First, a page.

The conviction of former Penn State assistant coach Jerry Sandusky on 45 counts of child sex abuse coupled with Saturday's reports of a university-wide cover-up of the incident is sure to have legal ramifications in the courthouse. There also might be fallout on the football field for the Nittany Lions, who now teeter on the edge of the definition of "institutional misconduct."
Reports surfaced Friday that the university and the athletic department were involved in a massive cover-up of Sandusky's molestation of a boy on university property. If Penn State did in fact conceal its knowledge of Sandusky's actions, it could amount to a legal headache for a university that still faces legal proceedings for its role in the scandal. It might also bring NCAA sanctions if a connection can be made between the athletic department and the criminal actions of Sandusky and any potential cover-up.
The NCAA has stepped in to punish programs for infractions such as paying players or academic fraud, so could the "death penalty" be coming for Penn State's role in failing to report or stop Sandusky from his criminal acts? And if the reports of a cover-up are true, this only furthers the case against Penn State not only being complacent in the Sandusky incident, but in fact looking to sweep the issue under the rug.
Sandusky committed at least one act that led to his conviction on the grounds of the university campus inside an athletic department building. Moreover, the act was seen by a member of the football coaching staff and summarily covered up by the athletic administration. The administrative leave of athletic director Tim Curley and the eventual dismissal of former head coach Joe Paterno as part of the cover-up now calls into question whether the NCAA needs to bring the hammer down on the Nittany Lions.
Or if it even can.
Dr. Jerry Parkinson, a professor of law at Wyoming, who served for 10 years as the coordinator of appeals for the NCAA Division I Committee on Infractions, isn't sure if the NCAA will step in at this point.
"The novelty of the case also presents real uncertainty regarding appropriate sanctions," Parkinson told Yahoo! Sports. "In the past, scholarship reductions/restrictions typically have been reserved by the infractions committee for violations that involve recruiting -- although there is a growing sentiment toward scholarship penalties in any 'major' case -- and failure to monitor and lack of institutional control have been considered 'major' violations.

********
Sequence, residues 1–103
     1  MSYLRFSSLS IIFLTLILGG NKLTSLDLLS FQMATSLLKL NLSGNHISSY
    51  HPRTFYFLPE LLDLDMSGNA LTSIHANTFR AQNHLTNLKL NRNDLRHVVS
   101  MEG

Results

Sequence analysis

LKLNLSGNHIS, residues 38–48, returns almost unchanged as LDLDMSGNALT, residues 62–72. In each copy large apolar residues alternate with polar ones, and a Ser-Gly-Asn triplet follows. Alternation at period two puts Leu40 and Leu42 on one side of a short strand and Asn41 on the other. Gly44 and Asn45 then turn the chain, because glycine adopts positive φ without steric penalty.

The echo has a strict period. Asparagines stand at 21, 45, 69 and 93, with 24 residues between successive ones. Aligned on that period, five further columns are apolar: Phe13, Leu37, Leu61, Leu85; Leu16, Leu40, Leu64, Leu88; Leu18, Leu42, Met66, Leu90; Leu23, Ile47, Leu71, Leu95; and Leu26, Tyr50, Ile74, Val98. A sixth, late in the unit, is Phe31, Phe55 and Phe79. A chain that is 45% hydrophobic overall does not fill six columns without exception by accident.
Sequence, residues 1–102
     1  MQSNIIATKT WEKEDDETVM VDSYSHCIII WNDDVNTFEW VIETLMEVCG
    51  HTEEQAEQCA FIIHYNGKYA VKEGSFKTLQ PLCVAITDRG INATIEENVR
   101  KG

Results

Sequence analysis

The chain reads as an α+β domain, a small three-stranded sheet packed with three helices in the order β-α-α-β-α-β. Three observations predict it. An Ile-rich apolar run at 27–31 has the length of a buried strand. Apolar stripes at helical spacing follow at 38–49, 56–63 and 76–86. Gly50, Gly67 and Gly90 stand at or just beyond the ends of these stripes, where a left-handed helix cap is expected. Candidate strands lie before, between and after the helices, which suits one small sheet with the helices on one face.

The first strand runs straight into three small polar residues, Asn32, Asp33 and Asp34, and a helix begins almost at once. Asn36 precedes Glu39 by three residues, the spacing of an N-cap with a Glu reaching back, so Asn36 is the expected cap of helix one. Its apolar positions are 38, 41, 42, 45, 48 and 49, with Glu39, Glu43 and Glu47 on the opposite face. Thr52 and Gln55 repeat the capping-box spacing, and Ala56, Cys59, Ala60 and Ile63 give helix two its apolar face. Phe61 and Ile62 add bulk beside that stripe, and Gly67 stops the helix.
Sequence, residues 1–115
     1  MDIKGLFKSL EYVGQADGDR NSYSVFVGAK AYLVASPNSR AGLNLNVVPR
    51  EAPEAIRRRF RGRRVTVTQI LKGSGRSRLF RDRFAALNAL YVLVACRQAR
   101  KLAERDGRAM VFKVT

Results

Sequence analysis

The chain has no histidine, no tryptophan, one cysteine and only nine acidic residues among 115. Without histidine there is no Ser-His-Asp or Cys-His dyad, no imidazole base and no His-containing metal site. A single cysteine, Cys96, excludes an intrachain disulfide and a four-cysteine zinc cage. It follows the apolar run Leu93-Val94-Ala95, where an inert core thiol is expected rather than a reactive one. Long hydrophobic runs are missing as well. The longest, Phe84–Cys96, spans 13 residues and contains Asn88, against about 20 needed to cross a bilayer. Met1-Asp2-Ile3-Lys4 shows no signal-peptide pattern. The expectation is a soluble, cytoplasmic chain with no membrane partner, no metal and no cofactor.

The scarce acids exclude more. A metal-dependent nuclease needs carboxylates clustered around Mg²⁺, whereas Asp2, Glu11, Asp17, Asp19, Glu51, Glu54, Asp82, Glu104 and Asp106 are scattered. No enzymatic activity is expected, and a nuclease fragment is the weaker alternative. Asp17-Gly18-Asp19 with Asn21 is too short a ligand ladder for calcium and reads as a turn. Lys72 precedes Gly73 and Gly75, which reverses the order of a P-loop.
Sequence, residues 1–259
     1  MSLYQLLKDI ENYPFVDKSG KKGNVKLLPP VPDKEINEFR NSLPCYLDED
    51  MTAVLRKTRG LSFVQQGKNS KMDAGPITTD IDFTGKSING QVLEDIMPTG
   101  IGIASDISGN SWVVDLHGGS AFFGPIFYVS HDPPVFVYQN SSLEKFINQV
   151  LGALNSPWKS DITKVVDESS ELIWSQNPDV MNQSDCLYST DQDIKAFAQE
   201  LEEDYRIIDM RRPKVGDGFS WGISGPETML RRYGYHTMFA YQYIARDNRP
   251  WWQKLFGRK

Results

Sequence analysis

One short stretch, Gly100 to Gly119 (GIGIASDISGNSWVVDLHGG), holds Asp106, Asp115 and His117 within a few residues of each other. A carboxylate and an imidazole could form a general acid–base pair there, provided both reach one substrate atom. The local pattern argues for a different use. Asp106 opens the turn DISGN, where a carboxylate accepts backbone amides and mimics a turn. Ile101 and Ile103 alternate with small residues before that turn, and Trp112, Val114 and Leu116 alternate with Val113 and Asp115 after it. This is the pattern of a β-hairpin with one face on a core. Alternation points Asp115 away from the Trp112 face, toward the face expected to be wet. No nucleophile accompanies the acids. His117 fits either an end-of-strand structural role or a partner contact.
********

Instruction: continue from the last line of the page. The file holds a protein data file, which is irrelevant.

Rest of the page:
"A finding of lack of institutional control is significantly more serious than failure to monitor, so a postseason competition ban for a year or two is not unusual in the case of such a finding. But again, this is such a novel case: Do you penalize a team with a postseason ban for the criminal conduct of a former assistant coach -- conduct that has nothing to do with 'NCAA rules'?"
Sandusky's acts and the cover-up that followed fall under the auspices of criminal misconduct and therefore the NCAA is not the governing authority in such instances. Most cases involving "institutional control" — including the famed case of the NCAA canceling SMU's 1987 football season for player payments — are directly related to infractions governing student athletics and are not criminal in nature.
The committee is concerned with "personnel who willfully violate NCAA rules, or who are grossly negligent in applying those rules."
Dr. Jo Potuto, who chaired the Committee on Infractions from 2006-2008 and is a professor of law at the University of Nebraska-Lincoln, told Yahoo! Sports that she thinks Penn State could have done more to follow up on the incident on its campus but that "At Penn State, the system on paper was OK."
Which means the NCAA taking punitive steps against the school might be far-fetched since this isn't traditional "institutional misconduct."
"It covers activity clearly within existing bylaws — academic misconduct [and] attempts at preferential treatment of athletes," Potuto said. "If the evidence regarding the Sandusky charges shows a failure of institutional control of athletics because the failure to pursue … relates to athletics, then maybe you have an NCAA issue."
So with perjury charges against Curley, and the state's attorney general perhaps bringing even more charges in light of further recent subpoenas, Penn State clearly isn't out of the clear yet. Dr. Parkinson isn't sure the NCAA won't extend its reach to weigh the actions of Penn State in covering up the Sandusky abuse that took place on its campus.
"I was intrigued to hear that the enforcement staff was investigating -- presumably for possible 'failure to monitor' its athletics program or 'lack of institutional control' over the program, two common institutional violations," Parkinson said. "Certainly if athletics personnel or other university leaders on up to the president, who is ultimately responsible under NCAA rules for what happens in an athletics program, knew about Sandusky's alleged behavior with young boys and failed to monitor/control such behavior, it is possible that such a finding could be made against the institution because Sandusky was still involved with the athletics program and allowed to use its facilities.
"Nonetheless, this would be a novel infractions case because the alleged underlying conduct sexual assault is not an 'NCAA violation.' In my time on the committee, I don't recall a case in which a finding of failure to monitor or lack of institutional control was made in isolation -- i.e., without some underlying violation, such as a recruiting violation or academic fraud."
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